Question about Pine bark mulch and Blueberries

Bradybb(wa8)August 1, 2011

I was in Lowes the other day and talked to a lady in the garden department about growing Blueberries.I told her one of the things I put into the Blueberry medium is Pine bark mulch.She said that it needed to be composted first or it will pull needed Nitrogen away from the roots.Does this sound right?Finding Pine bark mulch is difficult enough.How can I tell if it has been composted?I sometimes use the Greensmix brand that Lowes sells, which has no ingredients listed on the bag or Soil Pep sold at Home Depot which includes Western Fir and Pine bark.The plants don't seem to be faltering,but it's only been about two months since they were put in to their new home.Thanks,Brady

Thank you for reporting this comment. Undo

As a general rule, those who grow blueberries in pots filled with a mix referred to as a "medium" are planning to apply dilute solutions of water soluble fertilizer periodically. Is this your intent?

    Bookmark   August 1, 2011 at 8:14AM
Thank you for reporting this comment. Undo
Noogy(6 sw mi)

Any acid mulch is good, including cedar and oak. It's true that a layer of mulch will sequester nitrogen from the soil and even the compost. Fertilize in spring at budbreak and double or triple the amount of non nitrate fertilizers in a dilute fashion up to 2' from the base. Ammonium sulfate counters the hardness if watering with hard water. Make sure to deep soak when watering as an inch of rain wont do. Even pine needles break up nicely and are awesome. Apply mulch 3-4" thick, every 2 years,expanding the mulched area.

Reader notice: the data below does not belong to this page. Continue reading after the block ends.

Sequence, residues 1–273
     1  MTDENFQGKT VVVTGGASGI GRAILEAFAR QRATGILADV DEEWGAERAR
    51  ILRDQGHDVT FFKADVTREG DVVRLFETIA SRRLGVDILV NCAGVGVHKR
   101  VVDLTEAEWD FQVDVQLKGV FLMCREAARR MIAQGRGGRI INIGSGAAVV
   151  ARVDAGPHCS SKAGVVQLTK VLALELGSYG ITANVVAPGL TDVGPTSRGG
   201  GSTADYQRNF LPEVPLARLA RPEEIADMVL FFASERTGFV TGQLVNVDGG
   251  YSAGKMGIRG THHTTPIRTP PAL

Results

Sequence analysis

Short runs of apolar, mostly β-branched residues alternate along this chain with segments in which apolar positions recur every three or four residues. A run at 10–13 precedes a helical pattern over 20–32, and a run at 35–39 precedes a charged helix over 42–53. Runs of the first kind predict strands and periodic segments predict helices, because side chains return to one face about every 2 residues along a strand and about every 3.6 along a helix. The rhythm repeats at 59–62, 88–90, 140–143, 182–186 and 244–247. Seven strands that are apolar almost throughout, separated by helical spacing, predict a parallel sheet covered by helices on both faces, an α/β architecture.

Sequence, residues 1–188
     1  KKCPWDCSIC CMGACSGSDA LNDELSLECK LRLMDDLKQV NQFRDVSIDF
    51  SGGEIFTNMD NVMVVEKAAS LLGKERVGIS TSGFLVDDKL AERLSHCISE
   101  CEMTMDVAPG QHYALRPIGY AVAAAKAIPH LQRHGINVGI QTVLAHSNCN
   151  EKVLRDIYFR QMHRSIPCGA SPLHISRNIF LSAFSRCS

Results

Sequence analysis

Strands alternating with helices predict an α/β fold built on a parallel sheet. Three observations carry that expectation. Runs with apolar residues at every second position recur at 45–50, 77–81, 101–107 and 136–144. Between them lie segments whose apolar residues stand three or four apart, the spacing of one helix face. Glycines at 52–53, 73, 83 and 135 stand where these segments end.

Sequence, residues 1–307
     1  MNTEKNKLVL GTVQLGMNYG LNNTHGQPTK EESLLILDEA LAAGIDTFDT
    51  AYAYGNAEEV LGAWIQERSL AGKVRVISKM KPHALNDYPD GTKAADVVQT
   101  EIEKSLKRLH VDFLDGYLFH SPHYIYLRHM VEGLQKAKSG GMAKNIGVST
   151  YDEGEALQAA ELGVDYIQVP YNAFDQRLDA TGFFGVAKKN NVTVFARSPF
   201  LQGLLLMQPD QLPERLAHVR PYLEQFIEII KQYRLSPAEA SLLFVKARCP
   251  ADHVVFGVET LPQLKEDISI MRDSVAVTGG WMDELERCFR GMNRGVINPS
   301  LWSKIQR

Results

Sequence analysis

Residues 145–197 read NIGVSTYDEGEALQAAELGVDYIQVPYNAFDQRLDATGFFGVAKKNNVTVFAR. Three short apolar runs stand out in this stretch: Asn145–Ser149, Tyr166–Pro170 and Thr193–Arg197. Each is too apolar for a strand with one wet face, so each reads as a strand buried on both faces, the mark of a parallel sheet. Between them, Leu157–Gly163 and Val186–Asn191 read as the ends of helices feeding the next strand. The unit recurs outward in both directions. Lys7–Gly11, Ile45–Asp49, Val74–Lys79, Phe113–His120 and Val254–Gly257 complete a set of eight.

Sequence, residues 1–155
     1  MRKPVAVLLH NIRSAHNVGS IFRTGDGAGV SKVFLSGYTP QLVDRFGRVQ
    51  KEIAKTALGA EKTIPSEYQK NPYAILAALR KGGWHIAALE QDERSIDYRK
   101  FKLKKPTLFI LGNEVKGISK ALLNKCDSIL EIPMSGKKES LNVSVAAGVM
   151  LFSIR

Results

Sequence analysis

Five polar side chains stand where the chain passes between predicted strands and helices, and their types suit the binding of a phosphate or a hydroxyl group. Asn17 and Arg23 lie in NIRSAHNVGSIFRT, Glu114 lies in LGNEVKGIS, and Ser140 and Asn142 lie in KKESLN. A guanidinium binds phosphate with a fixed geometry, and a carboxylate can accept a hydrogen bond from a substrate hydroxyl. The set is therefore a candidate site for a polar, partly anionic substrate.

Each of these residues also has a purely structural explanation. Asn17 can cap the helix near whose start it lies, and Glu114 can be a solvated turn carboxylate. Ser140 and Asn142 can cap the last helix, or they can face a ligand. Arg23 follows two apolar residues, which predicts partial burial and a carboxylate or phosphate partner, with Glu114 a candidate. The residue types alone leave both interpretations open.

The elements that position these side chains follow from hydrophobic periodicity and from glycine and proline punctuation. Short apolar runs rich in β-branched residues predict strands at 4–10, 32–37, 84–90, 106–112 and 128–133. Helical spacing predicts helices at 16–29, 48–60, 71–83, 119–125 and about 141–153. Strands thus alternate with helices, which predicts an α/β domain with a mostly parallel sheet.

Sounds like you're on the right track. You might want some granulated sulfur to apply before mulching. Try a different search as there is tons of previous postings on the subject. Good luck to you.

    Bookmark   August 1, 2011 at 8:24AM
Thank you for reporting this comment. Undo

Use the finest pine bark mulch you can find (it is usually labeled "soil conditioner" here but maybe SoilPrep there) and don't worry about it not being composted. At worst you will need to add a little bit more N for a while. The easist way to deal with this for the first year is an occasional supplementary foliar spray with Miracid or some similar high-N complete nutritional spray while the bark "composts." I have always suspected that bark while composting takes up less N (or perhaps less rapidly) than sawdust but I don't know that for a fact. The southern highbush bluberry industry in south Georgia and northern Florida uses prodigious amounts of pinebark as soil. I don't recall any mention of composting first. You might Google some university ag literature on that topic.

    Bookmark   August 1, 2011 at 8:25AM
Thank you for reporting this comment. Undo

Thanks guys for the information.Yes ericwi,I plan on doing what it takes to help these plants.The ones without fruit have been getting the treatment that fruitnut wrote about, a tablespoon of Ammonium Sulfate diluted in approximately two gallons of water,once a week.The others were given some Cottonseed meal sprinkled around the drip line.
I'm still learning about growing these things and in some way am trying to find the ideal conditions,even though from what I've read,they thrive in some fairly poor soils.Thanks again,Brady

    Bookmark   August 1, 2011 at 12:12PM
Thank you for reporting this comment. Undo